I know, I’m slow to react on this issue… especially knowing my background; I should have been out of the gate and all over this issue a month ago. With that being said, I expect that the Virtualization team at Microsoft has been dancing with glee for the past two months, ever since VMware announced their new Memory Tax in vSphere 5, which of course replaced their CPU Core Tax from vSphere 4.
As a Virtualization Evangelist (not my actual title, but pretty accurate) for Microsoft Canada I have been asked what I think about some of the new features in vSphere 5, and if I can continue to claim that Hyper-V is as good as ESXi is.
VMware has been the leading virtualization platform in the industry for several years… there is no doubt that they have good products that work well and are reliable. With that being said Microsoft has gotten into the game, and over the last three years have made a huge dent in what was once a near-monopoly in the virtualization space; so much so that the Gartner Group has placed Hyper-V into the Leaders Square of their Magic Quadrant (see Gartner agrees with me… Hyper-V is for real!). Hyper-V R2 SP1 competed very nicely with vSphere 4, so now VMware releases vSphere 5 and for some reason people think that Microsoft is going to throw in the towel. Of course not, they are hard at work on the next version of Windows Server, which will have the next version of Hyper-V.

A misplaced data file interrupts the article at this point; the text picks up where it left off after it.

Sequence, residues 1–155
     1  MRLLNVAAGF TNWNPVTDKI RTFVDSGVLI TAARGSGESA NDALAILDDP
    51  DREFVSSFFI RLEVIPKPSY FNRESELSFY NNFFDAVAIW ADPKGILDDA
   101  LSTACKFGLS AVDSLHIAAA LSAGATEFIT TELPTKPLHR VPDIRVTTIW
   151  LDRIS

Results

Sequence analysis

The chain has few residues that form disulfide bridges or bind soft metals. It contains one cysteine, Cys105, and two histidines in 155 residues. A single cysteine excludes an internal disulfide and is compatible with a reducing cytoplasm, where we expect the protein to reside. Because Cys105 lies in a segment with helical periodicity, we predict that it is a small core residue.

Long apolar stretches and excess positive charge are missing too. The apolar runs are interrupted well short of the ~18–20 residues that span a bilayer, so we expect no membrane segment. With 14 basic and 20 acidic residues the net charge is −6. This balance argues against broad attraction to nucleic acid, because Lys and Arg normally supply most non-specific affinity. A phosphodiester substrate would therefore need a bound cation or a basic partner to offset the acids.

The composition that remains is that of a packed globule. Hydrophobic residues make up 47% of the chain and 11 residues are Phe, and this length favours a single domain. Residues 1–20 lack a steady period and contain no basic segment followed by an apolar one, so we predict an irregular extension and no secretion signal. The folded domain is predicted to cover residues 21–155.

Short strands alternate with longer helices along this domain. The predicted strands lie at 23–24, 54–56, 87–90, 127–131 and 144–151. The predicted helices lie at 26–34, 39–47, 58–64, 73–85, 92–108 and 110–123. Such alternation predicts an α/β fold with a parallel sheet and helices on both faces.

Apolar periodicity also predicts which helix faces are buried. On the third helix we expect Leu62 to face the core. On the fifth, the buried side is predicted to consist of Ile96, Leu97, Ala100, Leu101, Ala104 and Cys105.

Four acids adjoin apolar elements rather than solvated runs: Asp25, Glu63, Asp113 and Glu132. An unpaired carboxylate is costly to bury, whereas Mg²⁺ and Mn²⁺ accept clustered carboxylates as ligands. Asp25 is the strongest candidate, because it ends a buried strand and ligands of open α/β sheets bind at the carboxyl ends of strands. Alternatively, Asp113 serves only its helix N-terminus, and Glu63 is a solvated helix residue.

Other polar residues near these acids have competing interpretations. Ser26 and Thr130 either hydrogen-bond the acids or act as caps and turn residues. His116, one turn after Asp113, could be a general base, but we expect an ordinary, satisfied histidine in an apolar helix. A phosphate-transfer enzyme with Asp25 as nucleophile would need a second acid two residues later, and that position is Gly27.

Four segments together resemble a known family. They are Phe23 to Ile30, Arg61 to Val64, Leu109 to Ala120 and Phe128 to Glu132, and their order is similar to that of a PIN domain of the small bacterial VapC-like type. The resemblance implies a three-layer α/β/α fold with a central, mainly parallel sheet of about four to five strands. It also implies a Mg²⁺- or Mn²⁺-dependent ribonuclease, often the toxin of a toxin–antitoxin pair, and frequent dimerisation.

In the automobile industry there is a show every year – I don’t know which one – where all of the auto makers showcase their new models. They have been doing this for longer than I have been alive, and it seems like none of them ever stray too far… the 2012 models come out in the fall of 2011, and that is how it is. The computer industry is not like that… if Company A and Company B compete for market share, they are not going to coordinate the release of new products and announce all of the new features together. When Company A releases their new version they will have an advantage for a little while, until Company B releases their new version giving them the advantage… for a while.
That’s how it is in the computer industry, and I expect that is the best way to ensure fair competition… absolutely no collusion between competitors. So when I look at the new version of vSphere I do not compare it to the current version of Hyper-V… to be fair I have to compare it to the next version, which Microsoft started to showcase recently at WPC.
If you review the transcripts of every speech, presentation, class, and article I have ever written or given you will not hear me bad-mouth VMware’s products anywhere… whatever I might have to say about one or two of the people I know at the company, I think their products are excellent. What I do say is that if Hyper-V is as good (or almost) as ESX, and if System Center Virtual Machine Manager is as good (or almost) as vCenter Server then it should really come down to cost… and there is no math that I have come across that makes VMware less expensive – or even cost-competitive – than Microsoft.
Of course, this is just my opinion. If you are interested in reading more about what Microsoft – and specifically, the Virtualization team at Microsoft – have to say about it, check out their blog… especially these two posts:
These articles put into perspective how Microsoft views the competitive space, and hopefully tries to deal with some of the FUD. Read it, and then let’s have a chat about Hyper-V… I’ll be delighted to show it to you!